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Soren Beck standing next to his 8 foot, 444 pound halibut caught off Lofoten, Norway. credit: WILDWATER.SE
The anglers struggle to pull the mighty beast aboard. credit: WILDWATER.SE
LOFOTEN, Norway -- A halibut thought to be the largest ever line-caught fish has been hooked by an angler in Norway.
The 444 pounds creature, which measures 8 foot 1 inch long, was landed by proud fisherman Soren Bec following a titanic struggle.
The monster catch is believed to have beaten the previous record for a line-caught fish by 24 pounds.
Although halibut of up to 8 foot have been spotted in Norweigian waters, it is unusual for the fish to grow to their maximum size without being caught.
Halibut are the largest flat fish in the ocean, with an average weight of 25 pound to 30 pounds, and can be found in the North Pacific and North Atlantic oceans.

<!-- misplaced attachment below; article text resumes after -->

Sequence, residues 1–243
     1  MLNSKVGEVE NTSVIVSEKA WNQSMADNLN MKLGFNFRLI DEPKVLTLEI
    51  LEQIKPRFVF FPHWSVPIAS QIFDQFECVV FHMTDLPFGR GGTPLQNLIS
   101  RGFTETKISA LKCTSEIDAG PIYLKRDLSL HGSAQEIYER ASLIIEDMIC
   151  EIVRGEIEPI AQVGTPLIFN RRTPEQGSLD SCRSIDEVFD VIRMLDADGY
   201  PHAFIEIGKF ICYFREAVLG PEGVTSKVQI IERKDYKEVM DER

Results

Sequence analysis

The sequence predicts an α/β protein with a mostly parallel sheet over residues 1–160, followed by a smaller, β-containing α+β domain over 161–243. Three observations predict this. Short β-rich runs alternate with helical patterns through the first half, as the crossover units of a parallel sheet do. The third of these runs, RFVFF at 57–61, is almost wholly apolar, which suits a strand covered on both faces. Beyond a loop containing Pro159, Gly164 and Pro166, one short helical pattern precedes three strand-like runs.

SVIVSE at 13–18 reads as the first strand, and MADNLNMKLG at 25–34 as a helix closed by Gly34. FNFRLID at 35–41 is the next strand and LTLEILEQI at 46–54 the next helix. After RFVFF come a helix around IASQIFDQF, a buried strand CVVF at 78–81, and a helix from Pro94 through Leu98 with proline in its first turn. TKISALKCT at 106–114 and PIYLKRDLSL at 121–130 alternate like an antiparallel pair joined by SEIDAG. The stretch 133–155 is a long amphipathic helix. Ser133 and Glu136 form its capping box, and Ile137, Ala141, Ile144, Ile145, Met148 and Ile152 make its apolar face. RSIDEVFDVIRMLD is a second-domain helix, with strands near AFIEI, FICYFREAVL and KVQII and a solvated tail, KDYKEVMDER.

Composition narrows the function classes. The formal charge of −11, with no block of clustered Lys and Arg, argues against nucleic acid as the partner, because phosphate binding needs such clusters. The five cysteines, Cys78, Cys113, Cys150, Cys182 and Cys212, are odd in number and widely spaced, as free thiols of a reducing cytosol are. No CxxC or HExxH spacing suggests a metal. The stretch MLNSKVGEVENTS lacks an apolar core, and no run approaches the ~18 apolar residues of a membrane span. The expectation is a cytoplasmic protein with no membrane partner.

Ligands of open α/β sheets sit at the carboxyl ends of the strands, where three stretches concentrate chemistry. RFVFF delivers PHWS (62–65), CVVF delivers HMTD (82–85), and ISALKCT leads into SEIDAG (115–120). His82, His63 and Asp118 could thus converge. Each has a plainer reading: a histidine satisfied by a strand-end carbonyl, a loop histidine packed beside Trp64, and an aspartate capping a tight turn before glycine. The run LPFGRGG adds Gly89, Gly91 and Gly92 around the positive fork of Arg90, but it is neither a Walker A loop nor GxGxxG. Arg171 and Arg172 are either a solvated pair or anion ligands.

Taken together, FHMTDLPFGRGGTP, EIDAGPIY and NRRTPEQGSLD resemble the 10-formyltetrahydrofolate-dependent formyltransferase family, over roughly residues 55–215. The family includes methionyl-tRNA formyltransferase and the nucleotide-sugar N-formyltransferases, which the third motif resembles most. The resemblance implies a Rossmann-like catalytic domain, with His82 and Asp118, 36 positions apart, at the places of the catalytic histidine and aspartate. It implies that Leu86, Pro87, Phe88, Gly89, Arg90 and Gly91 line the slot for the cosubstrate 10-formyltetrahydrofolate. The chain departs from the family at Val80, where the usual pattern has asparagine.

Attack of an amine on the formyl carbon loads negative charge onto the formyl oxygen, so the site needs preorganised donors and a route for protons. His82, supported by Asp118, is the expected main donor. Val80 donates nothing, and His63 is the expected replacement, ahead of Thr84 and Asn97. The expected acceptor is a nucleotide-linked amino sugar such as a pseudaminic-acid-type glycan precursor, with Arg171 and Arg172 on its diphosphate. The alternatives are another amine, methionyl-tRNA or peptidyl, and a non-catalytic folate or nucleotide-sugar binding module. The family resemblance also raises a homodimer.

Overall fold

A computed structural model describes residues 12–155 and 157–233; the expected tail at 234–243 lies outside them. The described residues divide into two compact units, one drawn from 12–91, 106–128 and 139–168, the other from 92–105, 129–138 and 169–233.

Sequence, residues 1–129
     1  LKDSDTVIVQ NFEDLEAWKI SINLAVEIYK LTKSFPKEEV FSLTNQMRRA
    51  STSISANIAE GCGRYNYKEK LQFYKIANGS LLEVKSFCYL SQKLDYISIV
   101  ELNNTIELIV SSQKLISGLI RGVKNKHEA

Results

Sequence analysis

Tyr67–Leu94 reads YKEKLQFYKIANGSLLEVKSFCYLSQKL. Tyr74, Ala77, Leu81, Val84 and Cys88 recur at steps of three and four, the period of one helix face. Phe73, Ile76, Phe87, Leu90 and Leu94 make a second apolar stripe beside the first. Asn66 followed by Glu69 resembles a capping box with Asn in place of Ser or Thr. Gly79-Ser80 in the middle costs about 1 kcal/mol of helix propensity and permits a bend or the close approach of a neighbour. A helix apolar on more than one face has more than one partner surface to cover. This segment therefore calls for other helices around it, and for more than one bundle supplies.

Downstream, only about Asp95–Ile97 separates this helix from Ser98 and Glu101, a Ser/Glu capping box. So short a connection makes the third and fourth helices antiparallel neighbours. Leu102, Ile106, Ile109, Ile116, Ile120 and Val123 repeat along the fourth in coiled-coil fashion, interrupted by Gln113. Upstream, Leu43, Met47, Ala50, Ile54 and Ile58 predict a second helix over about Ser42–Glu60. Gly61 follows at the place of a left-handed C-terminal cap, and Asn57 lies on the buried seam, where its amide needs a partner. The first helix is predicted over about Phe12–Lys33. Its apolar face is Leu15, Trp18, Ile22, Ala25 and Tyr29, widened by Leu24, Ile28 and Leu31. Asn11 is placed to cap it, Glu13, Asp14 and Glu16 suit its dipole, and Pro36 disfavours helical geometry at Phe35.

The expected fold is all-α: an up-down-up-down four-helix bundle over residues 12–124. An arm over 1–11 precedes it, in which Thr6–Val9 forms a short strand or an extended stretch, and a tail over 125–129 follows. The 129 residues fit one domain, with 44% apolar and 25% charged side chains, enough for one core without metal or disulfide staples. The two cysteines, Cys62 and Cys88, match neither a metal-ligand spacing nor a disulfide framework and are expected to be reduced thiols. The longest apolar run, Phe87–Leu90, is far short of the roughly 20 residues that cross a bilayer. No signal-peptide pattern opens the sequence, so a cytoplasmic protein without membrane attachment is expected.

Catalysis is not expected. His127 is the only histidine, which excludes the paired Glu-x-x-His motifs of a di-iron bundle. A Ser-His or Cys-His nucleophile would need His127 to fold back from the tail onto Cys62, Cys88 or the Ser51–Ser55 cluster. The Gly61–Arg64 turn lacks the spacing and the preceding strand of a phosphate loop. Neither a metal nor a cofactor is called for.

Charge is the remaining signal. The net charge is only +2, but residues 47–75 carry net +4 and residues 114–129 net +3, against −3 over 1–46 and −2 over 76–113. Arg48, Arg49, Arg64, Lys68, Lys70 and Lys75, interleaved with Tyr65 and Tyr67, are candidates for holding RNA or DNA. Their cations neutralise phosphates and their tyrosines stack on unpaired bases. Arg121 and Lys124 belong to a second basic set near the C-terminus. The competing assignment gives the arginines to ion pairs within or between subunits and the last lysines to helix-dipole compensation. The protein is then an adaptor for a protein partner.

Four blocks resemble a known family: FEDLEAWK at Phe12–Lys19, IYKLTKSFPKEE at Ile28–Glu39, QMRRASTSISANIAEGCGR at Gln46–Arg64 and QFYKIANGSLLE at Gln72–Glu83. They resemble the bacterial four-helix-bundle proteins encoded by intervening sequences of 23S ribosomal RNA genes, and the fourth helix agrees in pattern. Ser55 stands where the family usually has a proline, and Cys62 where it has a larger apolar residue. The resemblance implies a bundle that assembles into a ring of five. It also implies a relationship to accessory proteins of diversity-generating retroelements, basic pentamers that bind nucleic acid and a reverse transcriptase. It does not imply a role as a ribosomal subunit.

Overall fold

Cato Bekkevold, an expert from the region, said: "The area where he caught it is famed for cod and coalfish, but last year the Wildwater Camps brought up 80 halibut.
"These halibut can be caught by a variety of methods, but drifting with coalfish or big shad-jigs [a type of hook] baited with a worm have caught the majority.
"There have been some monsters caught by commercial fishermen, with one recently off Norway weighing 314.5kg (693 pounds).
"The biggest in recent times was 329kg (725 pounds) caught in the late 90s, and the biggest ever recorded is around 400kg (882 pounds).
"It is painted in full size at the Halibut museum on the island of Senja."